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Sunday, May 10, 2015

Up the Miami River

Today we took a river cruise, through History Miami Museum , with Dr. George. It was fascinating. Though only 4.5 miles long before it splits into two forks and then the north fork becomes a canal (cut to drain the Everglades), it is full of a rich history. Dr. George has memories of the river since he was three years old, and he has a historians knowledge of generations earlier.
Along the river he pointed out where the nine first inhabitants of European descent lived, where Henry Flagler's grand hotel, The Royal Palm was situated, where the Tequista villages were, where the drug shoot-outs of the 1970's and the hurricanes of the 1920's and 90's scarred the landscape, etc, etc.
see Tequesta Indian sculpture on pedestal to left of bridge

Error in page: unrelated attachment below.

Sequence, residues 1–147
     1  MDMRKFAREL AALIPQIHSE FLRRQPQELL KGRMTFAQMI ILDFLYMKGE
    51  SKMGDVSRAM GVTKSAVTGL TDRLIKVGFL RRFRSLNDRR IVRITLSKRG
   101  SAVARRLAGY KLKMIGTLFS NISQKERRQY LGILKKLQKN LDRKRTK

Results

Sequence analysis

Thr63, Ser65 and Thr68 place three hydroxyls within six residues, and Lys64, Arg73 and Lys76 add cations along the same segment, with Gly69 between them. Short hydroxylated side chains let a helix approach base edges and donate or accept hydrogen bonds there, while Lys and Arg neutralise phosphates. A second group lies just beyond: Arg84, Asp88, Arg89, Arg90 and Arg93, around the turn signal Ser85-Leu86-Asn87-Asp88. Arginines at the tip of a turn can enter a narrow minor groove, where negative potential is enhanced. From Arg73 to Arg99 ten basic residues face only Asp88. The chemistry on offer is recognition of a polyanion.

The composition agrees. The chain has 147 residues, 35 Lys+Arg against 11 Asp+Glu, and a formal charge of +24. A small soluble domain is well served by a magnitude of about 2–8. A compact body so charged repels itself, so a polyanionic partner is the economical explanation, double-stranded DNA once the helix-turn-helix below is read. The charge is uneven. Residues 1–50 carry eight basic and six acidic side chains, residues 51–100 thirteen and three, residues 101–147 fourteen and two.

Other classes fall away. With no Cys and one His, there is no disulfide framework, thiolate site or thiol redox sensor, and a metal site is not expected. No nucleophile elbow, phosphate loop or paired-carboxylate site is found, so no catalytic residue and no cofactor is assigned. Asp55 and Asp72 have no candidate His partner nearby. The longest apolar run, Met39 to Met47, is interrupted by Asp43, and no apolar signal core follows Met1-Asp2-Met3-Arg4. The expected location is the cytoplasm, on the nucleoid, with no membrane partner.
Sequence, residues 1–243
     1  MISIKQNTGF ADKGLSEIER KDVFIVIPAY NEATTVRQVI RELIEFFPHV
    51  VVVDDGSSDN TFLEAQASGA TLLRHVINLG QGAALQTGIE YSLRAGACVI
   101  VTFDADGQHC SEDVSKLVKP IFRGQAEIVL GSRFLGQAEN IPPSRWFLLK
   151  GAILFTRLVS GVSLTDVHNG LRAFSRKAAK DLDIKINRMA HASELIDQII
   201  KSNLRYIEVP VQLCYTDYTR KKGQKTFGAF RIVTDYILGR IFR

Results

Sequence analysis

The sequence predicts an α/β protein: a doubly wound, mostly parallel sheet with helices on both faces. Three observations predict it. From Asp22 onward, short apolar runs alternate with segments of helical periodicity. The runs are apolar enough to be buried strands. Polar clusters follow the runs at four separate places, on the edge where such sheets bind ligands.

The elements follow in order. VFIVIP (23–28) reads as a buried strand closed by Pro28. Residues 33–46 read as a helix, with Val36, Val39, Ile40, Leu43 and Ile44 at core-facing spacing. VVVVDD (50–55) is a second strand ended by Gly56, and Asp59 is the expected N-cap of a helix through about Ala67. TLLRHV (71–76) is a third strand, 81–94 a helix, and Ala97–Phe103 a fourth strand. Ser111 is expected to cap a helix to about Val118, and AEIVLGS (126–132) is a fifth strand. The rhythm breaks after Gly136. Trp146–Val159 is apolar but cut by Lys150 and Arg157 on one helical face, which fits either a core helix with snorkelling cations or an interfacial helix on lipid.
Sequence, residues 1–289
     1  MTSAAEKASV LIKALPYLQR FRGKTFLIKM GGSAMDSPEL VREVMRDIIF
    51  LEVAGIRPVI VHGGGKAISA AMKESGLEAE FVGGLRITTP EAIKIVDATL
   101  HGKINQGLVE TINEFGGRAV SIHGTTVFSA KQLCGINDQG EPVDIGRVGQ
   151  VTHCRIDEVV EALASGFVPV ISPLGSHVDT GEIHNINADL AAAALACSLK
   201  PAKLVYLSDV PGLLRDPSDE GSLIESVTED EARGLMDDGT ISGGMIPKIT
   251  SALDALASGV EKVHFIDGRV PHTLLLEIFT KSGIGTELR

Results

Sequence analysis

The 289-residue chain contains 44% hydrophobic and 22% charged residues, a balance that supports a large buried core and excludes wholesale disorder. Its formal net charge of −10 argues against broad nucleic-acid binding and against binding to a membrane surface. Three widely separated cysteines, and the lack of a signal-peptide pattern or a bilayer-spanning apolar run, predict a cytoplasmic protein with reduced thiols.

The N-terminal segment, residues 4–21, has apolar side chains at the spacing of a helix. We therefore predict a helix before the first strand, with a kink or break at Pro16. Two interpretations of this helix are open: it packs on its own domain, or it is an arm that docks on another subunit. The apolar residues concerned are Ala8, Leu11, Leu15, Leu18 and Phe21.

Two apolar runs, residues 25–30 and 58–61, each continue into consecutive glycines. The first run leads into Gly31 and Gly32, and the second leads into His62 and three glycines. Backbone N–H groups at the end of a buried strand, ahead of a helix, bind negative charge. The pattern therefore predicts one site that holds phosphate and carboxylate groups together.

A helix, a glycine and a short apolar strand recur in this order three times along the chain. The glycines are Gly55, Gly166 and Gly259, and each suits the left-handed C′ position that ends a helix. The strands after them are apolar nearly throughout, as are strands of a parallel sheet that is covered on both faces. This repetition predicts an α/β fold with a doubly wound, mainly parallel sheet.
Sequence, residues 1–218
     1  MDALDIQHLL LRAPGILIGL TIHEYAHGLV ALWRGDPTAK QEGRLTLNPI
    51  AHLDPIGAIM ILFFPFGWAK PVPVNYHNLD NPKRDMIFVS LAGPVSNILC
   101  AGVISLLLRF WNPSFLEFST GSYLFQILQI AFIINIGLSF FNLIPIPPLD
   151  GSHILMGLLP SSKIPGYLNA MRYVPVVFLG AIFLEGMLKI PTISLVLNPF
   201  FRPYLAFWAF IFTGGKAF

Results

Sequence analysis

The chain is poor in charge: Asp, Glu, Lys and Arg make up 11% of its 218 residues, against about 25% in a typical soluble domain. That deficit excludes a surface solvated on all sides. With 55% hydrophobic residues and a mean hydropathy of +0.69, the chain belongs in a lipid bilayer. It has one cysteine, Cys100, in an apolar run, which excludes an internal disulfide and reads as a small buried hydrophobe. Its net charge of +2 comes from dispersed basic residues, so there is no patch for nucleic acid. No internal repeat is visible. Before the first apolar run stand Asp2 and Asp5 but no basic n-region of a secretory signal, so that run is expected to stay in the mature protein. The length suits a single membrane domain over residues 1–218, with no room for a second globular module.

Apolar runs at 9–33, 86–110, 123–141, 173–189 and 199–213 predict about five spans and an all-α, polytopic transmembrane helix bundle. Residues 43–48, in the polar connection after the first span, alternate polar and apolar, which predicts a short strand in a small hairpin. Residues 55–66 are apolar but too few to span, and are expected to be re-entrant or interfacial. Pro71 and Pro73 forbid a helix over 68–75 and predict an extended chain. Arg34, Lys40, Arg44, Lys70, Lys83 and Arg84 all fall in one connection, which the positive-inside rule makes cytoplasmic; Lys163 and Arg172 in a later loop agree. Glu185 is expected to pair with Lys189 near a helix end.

Dr. Paul George, author of Along the Miami River
cranes fill the sky

The city is full of cranes as every spare lot becomes a footprint for a tower. Buildings with a past are rapidly being shuttered and torn down. Called "safe deposit boxes in the sky" most of the new money behind the building craze comes from overseas. The towers are built right to the edge of the Biscayne bay.

lobster fishermen under Interstate 95
There are still a few working boat yards and lobster fishing businesses. We saw huge freighters being loaded with mattresses, bicycles, and more bound for Haiti.

Tug boats rested on a quiet day.

Miami, Dr. George said, now has the third most dense skyline in the country after Manhattan and Chicago. I believe it! We went under bridges almost to the airport before we had to turn around.
View under the Dolphin Expressway
turn around point, beyond is the Miami Okeechobee canal
So we crossed the "River cruise" off our Miami Bucket list, and we added another item: "dinner at Casa Blancas".
Casa Blanca on the Miami River

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